‘I’m Taking Its Power Away’: Valeria Ganzman Copes With Cancer Through a Series of Self-Portraits
As trauma expert Bessel van der Kolk reminds us, the body keeps the score. It’s with us from the day we’re born, absorbing our deepest pain and most euphoric highs until we leave the Earth. Sometimes it’s our friend, and other times, it’s our enemy. Israeli artist Valeria Ganzman’s recent series Self Portraits With Plants “deals with the female body from various perspectives; the wear and tear, and its sickness, as well as sexuality, mortality, and self-exploration.”
Ganzman began her art career by photographing the nude female form, highlighting its vulnerability at all stages of life. After being diagnosed with breast cancer in 2017, she found it difficult to return to the body as a subject—engaging felt too painful, too fraught with personal fears. “My grandmother brought me some plants for my porch at the time of the illness, and I would sit there, watching and researching them,” she remembers. “I was too weak to draw them, but I imagined what I could create with their inspiration once I recovered.” Happily, Ganzman now creates delicately rendered botanical paintings where her body, stripped of all clothing and pretense, becomes a source of strength in its vulnerability.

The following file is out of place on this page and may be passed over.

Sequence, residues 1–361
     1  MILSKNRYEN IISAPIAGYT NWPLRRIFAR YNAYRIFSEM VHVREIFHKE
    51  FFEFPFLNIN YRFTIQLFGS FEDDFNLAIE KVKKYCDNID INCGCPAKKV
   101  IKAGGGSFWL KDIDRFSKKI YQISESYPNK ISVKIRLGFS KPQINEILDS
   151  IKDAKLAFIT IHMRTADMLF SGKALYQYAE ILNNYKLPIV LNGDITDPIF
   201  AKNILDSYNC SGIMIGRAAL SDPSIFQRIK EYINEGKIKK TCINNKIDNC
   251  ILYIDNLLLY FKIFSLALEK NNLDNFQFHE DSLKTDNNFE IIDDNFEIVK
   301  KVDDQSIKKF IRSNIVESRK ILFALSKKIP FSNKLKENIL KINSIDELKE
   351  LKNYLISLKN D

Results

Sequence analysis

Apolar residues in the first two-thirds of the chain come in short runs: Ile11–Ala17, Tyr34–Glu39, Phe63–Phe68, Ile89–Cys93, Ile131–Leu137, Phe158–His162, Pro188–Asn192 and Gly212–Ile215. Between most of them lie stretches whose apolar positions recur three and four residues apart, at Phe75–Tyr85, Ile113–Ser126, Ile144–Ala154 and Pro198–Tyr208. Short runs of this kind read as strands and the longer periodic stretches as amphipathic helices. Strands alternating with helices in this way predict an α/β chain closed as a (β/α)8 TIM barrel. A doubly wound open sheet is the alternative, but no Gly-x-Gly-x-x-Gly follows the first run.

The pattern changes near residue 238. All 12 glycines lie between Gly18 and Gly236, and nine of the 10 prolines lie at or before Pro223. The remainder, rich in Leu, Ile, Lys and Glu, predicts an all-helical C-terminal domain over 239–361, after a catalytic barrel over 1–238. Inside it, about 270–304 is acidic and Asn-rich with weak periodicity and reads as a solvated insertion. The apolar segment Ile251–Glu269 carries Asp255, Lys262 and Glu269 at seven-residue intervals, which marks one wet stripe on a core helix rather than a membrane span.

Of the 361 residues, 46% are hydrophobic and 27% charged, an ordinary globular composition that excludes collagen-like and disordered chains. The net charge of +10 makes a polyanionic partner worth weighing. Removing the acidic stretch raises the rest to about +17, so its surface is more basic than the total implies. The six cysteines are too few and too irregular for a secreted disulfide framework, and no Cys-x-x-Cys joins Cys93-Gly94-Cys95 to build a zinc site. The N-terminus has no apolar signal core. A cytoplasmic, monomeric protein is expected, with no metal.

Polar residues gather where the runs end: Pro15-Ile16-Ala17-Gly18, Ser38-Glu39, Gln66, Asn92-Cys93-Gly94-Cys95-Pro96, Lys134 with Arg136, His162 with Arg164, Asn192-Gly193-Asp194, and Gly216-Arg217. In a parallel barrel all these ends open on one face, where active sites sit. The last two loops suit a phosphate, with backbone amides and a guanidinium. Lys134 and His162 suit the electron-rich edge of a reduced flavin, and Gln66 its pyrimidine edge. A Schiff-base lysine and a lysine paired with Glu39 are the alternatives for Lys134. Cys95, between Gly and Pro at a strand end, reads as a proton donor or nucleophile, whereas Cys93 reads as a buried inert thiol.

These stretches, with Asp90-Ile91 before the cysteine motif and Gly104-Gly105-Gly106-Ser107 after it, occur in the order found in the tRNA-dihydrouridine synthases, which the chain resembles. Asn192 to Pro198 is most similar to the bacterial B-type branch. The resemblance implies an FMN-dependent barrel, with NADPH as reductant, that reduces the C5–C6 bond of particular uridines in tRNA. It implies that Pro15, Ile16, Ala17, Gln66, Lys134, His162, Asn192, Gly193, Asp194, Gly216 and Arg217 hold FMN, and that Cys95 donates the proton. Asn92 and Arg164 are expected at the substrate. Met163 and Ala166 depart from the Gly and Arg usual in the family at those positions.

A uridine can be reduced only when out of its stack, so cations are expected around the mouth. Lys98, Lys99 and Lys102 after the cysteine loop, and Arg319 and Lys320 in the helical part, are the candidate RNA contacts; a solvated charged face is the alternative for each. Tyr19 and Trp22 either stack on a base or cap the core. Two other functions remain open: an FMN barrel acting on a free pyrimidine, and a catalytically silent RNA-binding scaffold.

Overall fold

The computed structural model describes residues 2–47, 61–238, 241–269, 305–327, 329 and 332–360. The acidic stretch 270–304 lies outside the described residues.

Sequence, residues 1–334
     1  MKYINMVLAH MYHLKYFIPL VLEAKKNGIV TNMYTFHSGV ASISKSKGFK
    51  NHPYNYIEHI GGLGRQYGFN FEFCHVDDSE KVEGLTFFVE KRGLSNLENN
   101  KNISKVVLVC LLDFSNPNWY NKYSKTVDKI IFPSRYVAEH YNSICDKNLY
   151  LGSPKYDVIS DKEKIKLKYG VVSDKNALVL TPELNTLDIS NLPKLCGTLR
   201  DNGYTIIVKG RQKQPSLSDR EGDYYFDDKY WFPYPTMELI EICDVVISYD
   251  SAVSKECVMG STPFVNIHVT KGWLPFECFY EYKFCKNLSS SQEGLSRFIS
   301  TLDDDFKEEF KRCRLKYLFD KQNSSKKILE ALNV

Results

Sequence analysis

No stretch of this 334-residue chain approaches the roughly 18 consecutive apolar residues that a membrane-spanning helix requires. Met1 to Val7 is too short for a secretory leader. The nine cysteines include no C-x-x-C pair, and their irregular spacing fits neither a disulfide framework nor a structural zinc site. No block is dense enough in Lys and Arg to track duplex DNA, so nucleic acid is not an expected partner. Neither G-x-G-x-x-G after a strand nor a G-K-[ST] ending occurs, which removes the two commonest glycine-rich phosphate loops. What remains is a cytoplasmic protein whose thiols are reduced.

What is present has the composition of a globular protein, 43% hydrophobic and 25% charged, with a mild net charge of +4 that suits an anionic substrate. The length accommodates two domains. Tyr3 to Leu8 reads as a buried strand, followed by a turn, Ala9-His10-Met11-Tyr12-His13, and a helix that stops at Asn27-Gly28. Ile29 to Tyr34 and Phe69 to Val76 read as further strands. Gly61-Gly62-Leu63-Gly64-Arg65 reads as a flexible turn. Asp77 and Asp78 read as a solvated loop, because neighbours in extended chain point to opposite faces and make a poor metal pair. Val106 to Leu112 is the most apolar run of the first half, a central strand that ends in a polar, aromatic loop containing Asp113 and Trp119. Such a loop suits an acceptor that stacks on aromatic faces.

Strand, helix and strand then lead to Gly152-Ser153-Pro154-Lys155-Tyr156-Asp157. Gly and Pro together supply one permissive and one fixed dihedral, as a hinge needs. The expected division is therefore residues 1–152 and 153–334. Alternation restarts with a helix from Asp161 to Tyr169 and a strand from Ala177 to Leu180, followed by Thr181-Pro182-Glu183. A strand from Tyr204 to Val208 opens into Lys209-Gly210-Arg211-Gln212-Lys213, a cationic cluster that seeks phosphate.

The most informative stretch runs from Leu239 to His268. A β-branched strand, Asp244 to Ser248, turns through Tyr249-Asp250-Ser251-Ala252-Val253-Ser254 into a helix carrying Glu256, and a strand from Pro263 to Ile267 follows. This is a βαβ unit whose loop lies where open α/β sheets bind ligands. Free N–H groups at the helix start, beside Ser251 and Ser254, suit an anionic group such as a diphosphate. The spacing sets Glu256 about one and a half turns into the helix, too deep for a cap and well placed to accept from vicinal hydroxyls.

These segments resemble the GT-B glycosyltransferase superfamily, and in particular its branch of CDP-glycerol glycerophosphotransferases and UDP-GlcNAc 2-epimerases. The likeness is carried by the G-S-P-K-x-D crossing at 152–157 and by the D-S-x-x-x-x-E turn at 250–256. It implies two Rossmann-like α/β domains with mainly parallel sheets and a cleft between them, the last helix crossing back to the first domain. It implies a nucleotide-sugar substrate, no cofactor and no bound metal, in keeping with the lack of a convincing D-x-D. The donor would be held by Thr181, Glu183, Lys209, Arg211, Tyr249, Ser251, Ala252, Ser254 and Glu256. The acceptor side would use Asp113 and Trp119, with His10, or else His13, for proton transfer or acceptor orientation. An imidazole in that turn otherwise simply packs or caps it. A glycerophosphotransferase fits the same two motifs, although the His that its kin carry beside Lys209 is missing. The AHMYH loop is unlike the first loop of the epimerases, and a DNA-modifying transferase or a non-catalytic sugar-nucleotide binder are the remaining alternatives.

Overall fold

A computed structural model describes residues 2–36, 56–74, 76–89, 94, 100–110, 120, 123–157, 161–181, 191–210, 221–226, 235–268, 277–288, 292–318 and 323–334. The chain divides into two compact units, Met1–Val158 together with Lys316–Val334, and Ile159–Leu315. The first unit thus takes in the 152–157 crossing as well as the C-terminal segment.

Self Portraits With Plants marks a bold return to the female form for Ganzman, who surrounds herself with leafy companions. Her calming works highlight the shared characteristics of plants and people, suggesting that fragility and ephemerality can bind us together in unexpected ways, and even help us accept our lot in life. “This endless invasive documentation allows me to evaluate the body in a way that is foreign to me and even serves as therapy,” Ganzman explains. “To accept and eventually overcome the betrayal, as it sometimes feels, of my body.”
Created to help her cope, Ganzman’s soothing works are a balm on the open wound of her diagnosis. “By talking about it, I’m taking its power away,” she declares. “It becomes such a mundane part of my life, instead of this scary topic that no one wants to talk about. It’s not scary anymore.”
“It becomes such a mundane part of my life, instead of this scary topic that no one wants to talk about. It’s not scary anymore.” —Valeria Ganzman
All photos published with permission of the artist(s).
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